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For what do people think the parties stand?
15 May, 2019

YouGov sets a test

London4Europe Committee Member Michael Romberg looks at what people think the parties' positions on Brexit actually are.


*** amended 19 May with link to a further YouGov survey ***



On 24-25 April 2019, YouGov asked people to state for each party whether they thought the parties were pro-Brexit, anti-Brexit or neither.


The public are inattentive

There were some pretty impressive don’t know scores for parties that have failed to make much of an impact: Plaid Cymru 60% (55% even in Wales/ Midlands), Change UK 44%, Greens 43%, Liberal Democrats 34%. For UKIP (21%) and Brexit Party (16%) that gives us perhaps a baseline for the inattentiveness of the public.

For the smaller parties, those who reckoned they knew got to the right answer: Brexit Party (94% of those who answered pro/anti/neither gave the right answer), SNP (92%), UKIP (90%), Greens (81%), Liberal Democrats (80%), Plaid Cymru (79%), Change UK (68%).

It's not all the voters' fault. YouGov have also published an analysis of the slightly different question of whether voters think the parties’ positions on Brexit are clear. Yes, in the case of Brexit Party, Liberal Democrats and UKIP; so-so for Change UK and Greens; no for Conservative and Labour.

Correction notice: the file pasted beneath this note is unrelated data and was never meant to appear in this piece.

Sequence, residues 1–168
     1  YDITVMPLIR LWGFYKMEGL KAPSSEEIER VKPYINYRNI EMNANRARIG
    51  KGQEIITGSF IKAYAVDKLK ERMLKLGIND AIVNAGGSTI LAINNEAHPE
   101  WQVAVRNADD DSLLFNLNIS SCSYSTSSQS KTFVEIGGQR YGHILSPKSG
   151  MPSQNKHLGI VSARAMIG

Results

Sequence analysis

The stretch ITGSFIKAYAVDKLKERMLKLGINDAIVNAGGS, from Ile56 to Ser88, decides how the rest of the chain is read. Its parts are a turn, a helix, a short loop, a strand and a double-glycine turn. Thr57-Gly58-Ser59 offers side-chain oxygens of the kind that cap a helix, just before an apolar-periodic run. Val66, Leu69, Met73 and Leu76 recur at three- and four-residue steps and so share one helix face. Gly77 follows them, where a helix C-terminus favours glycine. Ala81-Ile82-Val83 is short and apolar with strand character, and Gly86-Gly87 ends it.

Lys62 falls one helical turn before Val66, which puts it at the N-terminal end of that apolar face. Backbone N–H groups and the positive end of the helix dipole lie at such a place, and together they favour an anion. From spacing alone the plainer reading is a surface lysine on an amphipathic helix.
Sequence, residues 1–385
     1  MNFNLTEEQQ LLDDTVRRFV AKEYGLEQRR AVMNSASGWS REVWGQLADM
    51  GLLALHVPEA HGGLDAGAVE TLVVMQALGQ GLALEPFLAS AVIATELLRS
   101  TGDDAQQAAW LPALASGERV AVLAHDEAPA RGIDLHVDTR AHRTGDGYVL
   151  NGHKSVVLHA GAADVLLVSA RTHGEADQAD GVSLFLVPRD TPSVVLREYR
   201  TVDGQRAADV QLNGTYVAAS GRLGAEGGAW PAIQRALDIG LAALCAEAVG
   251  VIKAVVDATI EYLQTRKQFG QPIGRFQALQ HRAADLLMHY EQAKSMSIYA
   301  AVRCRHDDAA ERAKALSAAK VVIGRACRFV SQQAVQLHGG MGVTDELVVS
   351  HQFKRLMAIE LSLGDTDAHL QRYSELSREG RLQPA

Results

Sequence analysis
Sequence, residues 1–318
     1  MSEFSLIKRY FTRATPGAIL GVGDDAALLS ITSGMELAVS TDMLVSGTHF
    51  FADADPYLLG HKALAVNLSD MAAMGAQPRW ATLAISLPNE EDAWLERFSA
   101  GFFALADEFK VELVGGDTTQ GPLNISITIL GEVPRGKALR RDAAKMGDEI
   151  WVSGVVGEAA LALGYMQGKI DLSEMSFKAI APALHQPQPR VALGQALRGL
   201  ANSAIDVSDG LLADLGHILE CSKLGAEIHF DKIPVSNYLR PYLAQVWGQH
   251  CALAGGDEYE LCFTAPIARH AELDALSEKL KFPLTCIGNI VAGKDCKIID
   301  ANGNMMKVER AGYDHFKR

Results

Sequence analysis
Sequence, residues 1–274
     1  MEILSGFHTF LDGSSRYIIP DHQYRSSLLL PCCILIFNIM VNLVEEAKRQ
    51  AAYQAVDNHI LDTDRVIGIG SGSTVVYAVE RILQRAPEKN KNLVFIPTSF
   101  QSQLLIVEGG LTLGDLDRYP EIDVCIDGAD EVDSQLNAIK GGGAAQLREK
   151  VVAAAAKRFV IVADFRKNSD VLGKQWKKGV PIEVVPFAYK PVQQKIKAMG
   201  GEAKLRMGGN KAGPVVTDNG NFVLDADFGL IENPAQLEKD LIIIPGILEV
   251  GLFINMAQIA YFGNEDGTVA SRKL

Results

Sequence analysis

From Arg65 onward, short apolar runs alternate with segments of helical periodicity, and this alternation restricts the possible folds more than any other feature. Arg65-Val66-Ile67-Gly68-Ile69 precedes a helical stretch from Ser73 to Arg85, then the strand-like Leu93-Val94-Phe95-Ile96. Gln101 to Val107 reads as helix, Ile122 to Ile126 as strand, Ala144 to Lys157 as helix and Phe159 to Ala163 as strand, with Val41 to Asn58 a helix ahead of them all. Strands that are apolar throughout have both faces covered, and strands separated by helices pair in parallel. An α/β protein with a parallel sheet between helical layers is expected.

20% do not know where the Conservatives stand. 37% think they are pro-Brexit, 24% anti-Brexit and 19% neither. So of those expressing a view, only 46% correctly identify the party as pro-Brexit.

Sure, the party is split, though mostly between Deal and No-Deal. But this is the party of a government that has spent almost three years implementing the Brexit referendum result, successfully negotiated a withdrawal agreement with the EU, and tried repeatedly to persuade MPs to pass it.

A clue comes in the split between what 2016 Remainers and Leavers think. 56% of Remainers think the party is pro-Brexit, 11% anti-Brexit; but only 23% of Leave voters think it is pro-Brexit; 40% think the party is anti-Brexit.

So is this because they see Theresa May’s Deal as not a true Brexit - only No-Deal would now count as Brexit? Is it a sign of frustration that Brexit has not yet been accomplished? Is it a betrayal narrative that Remainer Theresa May has been trying to prevent Brexit all along?



25% do not know where Labour stands. 13% think they are pro-Brexit, 42% anti-Brexit and 20% neither. So of those expressing a view, only 17% correctly identify the party as pro-Brexit.

Yes, I know that the party membership is overwhelmingly pro-EU, that most Labour MPs are pro-EU, that there is widespread backing for a referendum amongst Labour. I understand too that no-one knows where Labour will end up.


Labour’s official position is for Brexit

The 2017 general election manifesto was unequivocally for Brexit; Jeremy Corbyn’s speeches consistently support Brexit; the 2018 party conference resolution only rejects No-Deal and any Tory deal failing to meet Labour’s six tests.

The leadership prefer a Labour or cross-party Brexit. Barry Gardiner made clear that “on Brexit we are in there trying to bail you guys [ie the Conservative government] out”. After the 2019 local election results, Jeremy Corbyn announced “We will continue putting our case for an alternative deal to Parliament … because Labour does not want to divide people on how they voted in 2016, we want to bring people together.” That is absurd: what Remainer is going to say  “All I ever cared about with the EU was to be in a customs union”.